Written by Ryan North
Art by Erica Henderson, Rico Renzi
Published by Marvel Comics
Release Date: February 4, 2015

I’m pretty sure there is a die-hard continuity fan out there having a massive conniption over this month’s issue of Unbeatable Squirrel Girl. Of course, I think the rest of us are too busy having fun to care.

Doreen Green’s adventures at the start of college continue as she tries to find just the right club to have casual semi-structured social interaction, of the non-superhero variety, with people. In the processes cheekbone cutie Tomas shows back up, Nancy decides to be useful yet embarrassing and Galactus moves ever closer to Earth.  Unlike last time, there is no beginnings of a big punch out fight gone wrong. Instead, Doreen is written by North to be clever and deceptive with Erica Henderson’s art selling the interactions.

The inner monologue of Doreen is very honest and raw. For some, like me, it will take them back to when they were in their young adult years and analyze every tiny interaction. (Yeah, totally happened in just my teen and young adult years. Yep, nothing to see here. It never happens anymore!) The humor of this book is very organic, especially for fans of a specific eras of Spider-Man where his quips and tongue-in-cheek approach provided belly laughs.

The appeal of this book continues to come from it’s broad base that make it safe and accessible to readers of multiple age groups. The story is able to accomplish this without losing younger kids in trying to be overly clever, or potentially boring adults by treading into territory that is just “too cute.” Although, really, the cast created here are given such adorable actions, would you really care? Kids will cover their faces, eyes or duck their heads when Doreen’s moment of embarrassment comes. It’s a great opportunity to talk about real world emotions, how things do no always go as planned or what they would try to do in that situation. Just as Doreen used to “live” in the Avenger’s mansion attic, she decides to make some questionable choices by returning there. This also provides an area of family discussion, which the writer’s thankfully provided a fun and exciting loophole when Doreen remembers to “call in a favor.”

Erica Henderson’s art is once again a massive dose of expressive pleasure. She provides just a few key changes to make sure that each character’s face is reflects their dialogue. There is a distinct body language for each panel, instead of static hero gazes. When something goes right for Doreen the elation is extreme and lifts you up. Rico Renzi’s color work adds to this sense of expression. When embarrassment ensues Doreen’s face gains a subtle color difference that is noticeable and has your heart ache for her. (What do you mean you saw me laughing at her embarrassment? I don’t know what you’re talking about. I wouldn’t want that for her… even if I did have that happen to me all the time growing up.)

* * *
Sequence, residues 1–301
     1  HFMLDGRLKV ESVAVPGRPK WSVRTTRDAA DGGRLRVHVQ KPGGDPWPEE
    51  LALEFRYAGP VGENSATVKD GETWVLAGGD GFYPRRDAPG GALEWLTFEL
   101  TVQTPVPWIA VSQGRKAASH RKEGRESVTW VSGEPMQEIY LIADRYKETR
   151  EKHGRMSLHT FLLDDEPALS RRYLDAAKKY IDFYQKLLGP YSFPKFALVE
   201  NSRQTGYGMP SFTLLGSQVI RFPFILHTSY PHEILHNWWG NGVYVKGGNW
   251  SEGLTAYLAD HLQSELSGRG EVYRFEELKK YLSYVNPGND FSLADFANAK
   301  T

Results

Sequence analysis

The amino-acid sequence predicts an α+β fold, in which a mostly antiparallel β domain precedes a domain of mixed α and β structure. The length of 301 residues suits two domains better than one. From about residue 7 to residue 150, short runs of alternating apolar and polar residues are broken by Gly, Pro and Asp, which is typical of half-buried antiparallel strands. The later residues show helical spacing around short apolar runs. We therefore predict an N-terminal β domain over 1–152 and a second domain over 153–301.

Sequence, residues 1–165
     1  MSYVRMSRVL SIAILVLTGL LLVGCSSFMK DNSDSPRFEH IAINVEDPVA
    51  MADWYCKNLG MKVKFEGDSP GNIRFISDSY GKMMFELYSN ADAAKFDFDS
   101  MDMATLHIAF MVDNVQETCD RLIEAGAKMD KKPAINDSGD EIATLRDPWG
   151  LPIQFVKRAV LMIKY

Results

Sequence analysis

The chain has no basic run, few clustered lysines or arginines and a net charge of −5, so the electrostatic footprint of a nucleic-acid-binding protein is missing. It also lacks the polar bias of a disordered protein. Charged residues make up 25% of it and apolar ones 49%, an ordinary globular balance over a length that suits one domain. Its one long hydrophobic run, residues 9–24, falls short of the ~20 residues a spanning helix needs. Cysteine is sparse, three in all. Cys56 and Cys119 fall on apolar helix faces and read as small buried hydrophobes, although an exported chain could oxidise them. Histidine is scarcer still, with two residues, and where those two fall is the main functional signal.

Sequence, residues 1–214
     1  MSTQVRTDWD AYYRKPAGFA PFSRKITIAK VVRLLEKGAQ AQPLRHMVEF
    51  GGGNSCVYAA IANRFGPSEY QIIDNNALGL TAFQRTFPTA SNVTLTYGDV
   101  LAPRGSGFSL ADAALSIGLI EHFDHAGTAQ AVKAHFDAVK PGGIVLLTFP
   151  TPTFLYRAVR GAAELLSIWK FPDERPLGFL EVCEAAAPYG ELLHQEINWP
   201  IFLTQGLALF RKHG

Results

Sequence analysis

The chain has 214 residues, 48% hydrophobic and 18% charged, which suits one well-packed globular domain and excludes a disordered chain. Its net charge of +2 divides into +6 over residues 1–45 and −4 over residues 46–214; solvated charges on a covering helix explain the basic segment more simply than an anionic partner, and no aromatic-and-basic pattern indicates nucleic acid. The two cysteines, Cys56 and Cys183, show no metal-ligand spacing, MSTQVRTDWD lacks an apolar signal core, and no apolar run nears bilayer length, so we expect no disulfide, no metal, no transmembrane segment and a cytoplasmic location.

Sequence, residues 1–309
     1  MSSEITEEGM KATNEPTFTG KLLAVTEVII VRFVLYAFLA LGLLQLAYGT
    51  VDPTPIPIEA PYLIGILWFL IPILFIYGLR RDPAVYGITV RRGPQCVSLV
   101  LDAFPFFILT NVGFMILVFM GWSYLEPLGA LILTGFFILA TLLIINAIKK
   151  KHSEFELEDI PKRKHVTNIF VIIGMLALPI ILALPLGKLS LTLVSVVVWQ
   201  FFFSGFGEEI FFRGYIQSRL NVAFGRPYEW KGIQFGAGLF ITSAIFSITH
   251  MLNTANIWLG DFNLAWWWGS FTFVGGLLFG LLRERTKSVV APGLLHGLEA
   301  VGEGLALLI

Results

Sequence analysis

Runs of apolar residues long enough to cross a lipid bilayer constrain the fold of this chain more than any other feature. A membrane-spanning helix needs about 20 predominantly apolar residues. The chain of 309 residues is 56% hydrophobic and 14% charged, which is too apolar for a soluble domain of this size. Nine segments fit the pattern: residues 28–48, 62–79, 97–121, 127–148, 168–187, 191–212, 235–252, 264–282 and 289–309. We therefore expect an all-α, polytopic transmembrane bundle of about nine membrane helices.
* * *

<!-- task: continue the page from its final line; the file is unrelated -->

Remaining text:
It is clear that the design of the story is not for the continuity and dramatic minded comic reader. Instead, fans of Ultimate Spider-man cartoon, Teen Titans GO! and My Little Pony are clearly who this book is trying to grab. If you’re not a fan of the unconventional and you want your heroes brooding, treating the latest threat to the universe like the greatest one ever… well, there are plenty of other stories for you to check out. (The rest of us will be over here laughing and having a good time. Probably starting the Squirrel People are funnier than Spider People Club) (Oh, and don’t forget to join Mew Club. I’m required to ask… asking you to join are rules 3-7.)

The Verdict: 9.0/10

At this point I want to make it clear that the small tiny jokes at the bottom of every page have started breaking the fourth wall more this issue. However, that’s okay. They are seriously funny. Besides, what do you expect when they consult Deadpool Villain cards in every issue?

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